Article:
One thing Frank Erwin was not, was patient. While there were reports the UT administration wanted to hold construction until a crisis could be avoided, Erwin arrived in person at Waller Creek early in the morning, surveyed the scene, and, without contacting President Hackerman, called in campus, city, and state law enforcement, along with a fire truck with an extended ladder, to remove the students from the trees as quickly as possible.

“This was the first time anyone had ever used police on this campus on any large scale to suppress dissent,” wrote UT student Larry Grisham, whose account was published in The Harvard Crimson student newspaper. Hundreds had gathered to watch police use ladders and safety nets to bodily remove tenacious protesters from the trees. Erwin was in a hurry to beat the restraining order, and was quoted by the Texan: “Arrest all the people you have to; once the trees are down, there won’t be anything to protest.” Working their way up to higher branches, police found that removing the last few holdouts, using the extended ladder of the fire truck, was a tricky process. “The most amazing part of the morning was that nobody got killed,” recounted Grisham, “They even sawed off one limb with a person still on it.” The final protester was a girl perched on the end of a branch atop of an estimated 50-foot tall cypress tree. “When the police did get to her, they almost knocked her off the branch – she dangled for several minutes by her hands.” In all, 27 people were arrested.

With the protesters dispatched, police formed lines to secure the construction zone as bulldozers and crews set to work to remove the trees. As the first tree fell, Erwin was photographed applauding the effort. The trees were downed in such a hurry that at least one designated to be spared was razed by accident. A restraining order was issued a little before noon, but it was too late.

Waller Creek.Post Tree Removal.

Waller Creek after the trees have been felled. The lone cypress in the center, next to the 21st Street bridge, still survives. Moore-Hill residence hall is in the upper left.

Grisham expressed what was a popular opinion among those who had witnessed the morning’s events. “Erwin had broken the non-violent tradition on this campus by, for the first time, using force and outside force at that. He had completely ignored the students and faculty and their alternative plans and opinions; he had barely managed to stay inside the law by cutting the trees just before the injunction; and he had no business being on the campus trying to start a riot – if anybody were to urge on the bulldozers, it should have been the university administration.” As was seen in the letters to the editor earlier in the week, the Waller Creek protest wasn’t just about the trees. It was an appeal for a broader voice in the future of the University.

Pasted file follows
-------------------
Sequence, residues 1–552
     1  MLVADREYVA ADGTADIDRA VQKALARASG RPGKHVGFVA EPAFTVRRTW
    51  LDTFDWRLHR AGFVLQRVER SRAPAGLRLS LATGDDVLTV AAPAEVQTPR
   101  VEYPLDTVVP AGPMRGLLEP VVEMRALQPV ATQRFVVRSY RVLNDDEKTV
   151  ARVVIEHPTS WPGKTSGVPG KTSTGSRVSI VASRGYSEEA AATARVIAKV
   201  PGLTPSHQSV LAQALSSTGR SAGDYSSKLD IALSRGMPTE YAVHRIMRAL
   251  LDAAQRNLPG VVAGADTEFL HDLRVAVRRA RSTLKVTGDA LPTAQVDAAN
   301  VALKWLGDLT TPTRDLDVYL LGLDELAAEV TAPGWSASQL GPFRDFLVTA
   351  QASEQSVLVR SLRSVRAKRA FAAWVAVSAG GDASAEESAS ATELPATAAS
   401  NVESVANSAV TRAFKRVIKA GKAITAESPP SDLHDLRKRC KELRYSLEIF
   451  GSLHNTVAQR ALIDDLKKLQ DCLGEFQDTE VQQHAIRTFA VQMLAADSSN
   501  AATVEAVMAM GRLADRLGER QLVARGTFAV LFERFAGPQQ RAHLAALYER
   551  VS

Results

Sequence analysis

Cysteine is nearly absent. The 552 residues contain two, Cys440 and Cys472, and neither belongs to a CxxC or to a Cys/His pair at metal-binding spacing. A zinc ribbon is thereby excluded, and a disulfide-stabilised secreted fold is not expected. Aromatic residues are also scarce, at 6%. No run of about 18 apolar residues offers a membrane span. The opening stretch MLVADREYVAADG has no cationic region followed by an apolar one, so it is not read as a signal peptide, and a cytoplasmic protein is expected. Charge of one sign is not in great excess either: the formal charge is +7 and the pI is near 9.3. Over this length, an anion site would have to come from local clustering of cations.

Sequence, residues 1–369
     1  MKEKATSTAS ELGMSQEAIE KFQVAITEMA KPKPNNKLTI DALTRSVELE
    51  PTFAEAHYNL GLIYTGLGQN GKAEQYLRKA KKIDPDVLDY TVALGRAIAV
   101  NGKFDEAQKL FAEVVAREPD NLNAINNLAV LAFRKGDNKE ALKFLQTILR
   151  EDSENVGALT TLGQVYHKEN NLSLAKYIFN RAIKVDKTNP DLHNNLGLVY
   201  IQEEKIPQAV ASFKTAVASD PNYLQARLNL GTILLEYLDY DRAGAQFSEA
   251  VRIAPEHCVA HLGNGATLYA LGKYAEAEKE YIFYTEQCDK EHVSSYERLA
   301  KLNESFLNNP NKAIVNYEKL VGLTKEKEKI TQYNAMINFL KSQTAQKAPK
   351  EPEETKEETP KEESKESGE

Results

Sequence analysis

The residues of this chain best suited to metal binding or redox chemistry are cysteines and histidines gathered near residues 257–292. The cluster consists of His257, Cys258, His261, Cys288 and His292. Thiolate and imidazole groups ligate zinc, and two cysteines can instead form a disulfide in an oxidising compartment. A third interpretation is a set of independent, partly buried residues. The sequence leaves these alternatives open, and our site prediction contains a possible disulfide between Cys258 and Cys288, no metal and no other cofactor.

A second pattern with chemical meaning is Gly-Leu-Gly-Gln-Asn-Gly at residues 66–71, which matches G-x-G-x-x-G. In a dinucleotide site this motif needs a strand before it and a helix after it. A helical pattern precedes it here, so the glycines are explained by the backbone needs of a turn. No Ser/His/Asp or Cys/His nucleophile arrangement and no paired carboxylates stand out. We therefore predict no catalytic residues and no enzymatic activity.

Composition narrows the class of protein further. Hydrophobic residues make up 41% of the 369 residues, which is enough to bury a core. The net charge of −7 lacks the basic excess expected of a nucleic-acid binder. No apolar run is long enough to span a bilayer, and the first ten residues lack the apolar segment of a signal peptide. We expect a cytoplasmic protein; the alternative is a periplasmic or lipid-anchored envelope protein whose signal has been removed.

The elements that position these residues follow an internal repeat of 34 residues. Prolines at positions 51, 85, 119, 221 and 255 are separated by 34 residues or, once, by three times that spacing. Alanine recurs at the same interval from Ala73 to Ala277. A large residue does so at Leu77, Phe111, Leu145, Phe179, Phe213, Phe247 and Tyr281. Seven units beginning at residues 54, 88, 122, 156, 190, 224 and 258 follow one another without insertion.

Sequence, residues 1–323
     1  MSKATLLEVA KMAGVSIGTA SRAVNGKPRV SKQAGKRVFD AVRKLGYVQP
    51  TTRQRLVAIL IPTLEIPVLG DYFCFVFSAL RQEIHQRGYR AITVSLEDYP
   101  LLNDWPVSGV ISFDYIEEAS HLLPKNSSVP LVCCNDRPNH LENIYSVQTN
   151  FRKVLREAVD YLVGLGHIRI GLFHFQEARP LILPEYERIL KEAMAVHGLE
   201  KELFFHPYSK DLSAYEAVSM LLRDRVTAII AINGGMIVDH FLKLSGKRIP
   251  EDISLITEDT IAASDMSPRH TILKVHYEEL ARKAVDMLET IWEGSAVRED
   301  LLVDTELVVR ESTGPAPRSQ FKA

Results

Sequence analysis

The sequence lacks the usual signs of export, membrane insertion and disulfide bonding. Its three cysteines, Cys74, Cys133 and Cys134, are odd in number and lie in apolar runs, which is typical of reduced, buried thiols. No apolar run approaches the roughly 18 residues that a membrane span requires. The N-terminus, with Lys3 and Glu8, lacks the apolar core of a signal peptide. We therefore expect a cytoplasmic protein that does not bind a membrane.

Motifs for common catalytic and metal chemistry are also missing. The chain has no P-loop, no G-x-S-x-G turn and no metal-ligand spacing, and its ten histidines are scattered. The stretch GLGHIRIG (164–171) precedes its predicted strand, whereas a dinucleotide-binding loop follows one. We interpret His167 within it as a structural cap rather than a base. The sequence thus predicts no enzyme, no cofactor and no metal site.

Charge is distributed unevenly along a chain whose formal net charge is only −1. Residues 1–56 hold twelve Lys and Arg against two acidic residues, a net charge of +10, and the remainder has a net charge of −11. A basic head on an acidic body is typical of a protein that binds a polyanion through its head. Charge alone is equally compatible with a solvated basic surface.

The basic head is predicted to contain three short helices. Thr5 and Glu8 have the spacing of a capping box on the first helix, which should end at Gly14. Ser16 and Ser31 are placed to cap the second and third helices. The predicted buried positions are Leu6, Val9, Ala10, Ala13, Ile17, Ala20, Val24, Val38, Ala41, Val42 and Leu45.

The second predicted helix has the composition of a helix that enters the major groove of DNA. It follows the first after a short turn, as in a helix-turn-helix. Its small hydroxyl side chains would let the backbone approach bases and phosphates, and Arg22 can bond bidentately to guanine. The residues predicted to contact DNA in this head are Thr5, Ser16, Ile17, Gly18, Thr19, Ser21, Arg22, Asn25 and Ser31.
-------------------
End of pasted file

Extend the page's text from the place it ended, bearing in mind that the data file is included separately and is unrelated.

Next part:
Waller Creek.Students Hauling Trees.

Just before noon, students carry branches up  the 21st Street hill to the Main Building.

The students, though, were not yet finished. As the construction crews retreated and broke for lunch, several hundred persons grabbed branches, large and small, towed them out of the creek bed, up the 21st Street hill, through the South Mall, and up to the Main Building. As the students approached, administrators feared the worst and locked the doors as the branches were piled in the entryways. A rally on the Main Mall followed, and President Hackerman agreed to meet with a small delegation. Hackerman did what he could to ease the situation, and arranged for students to meet with Erwin the following day. The University’s campus planning office announced that no more trees would be removed, and, as a concession to the students’ demands, the bed of Waller Creek would not be paved as originally proposed.

Waller Creek.Trees at Main Building.

Branches were stuffed into the entrances of the Main Building.

By Thursday, the “Battle of Waller Creek” was front page news across the state, covered from Los Angeles to New York, and images of students being forcibly removed from trees were published in newspapers as far away as Paris, France. Its effect was long lasting. Today, treasured live oaks on the campus are considered investments and relocated, rather than destroyed, when they sit in the path of campus construction. Waller Creek is also viewed as an asset, and efforts are underway, both on campus and through downtown Austin, to preserve the creek and take advantage of it architecturally. And building development is now primarily guided by a holistic campus master plan, with input from all corners of the University.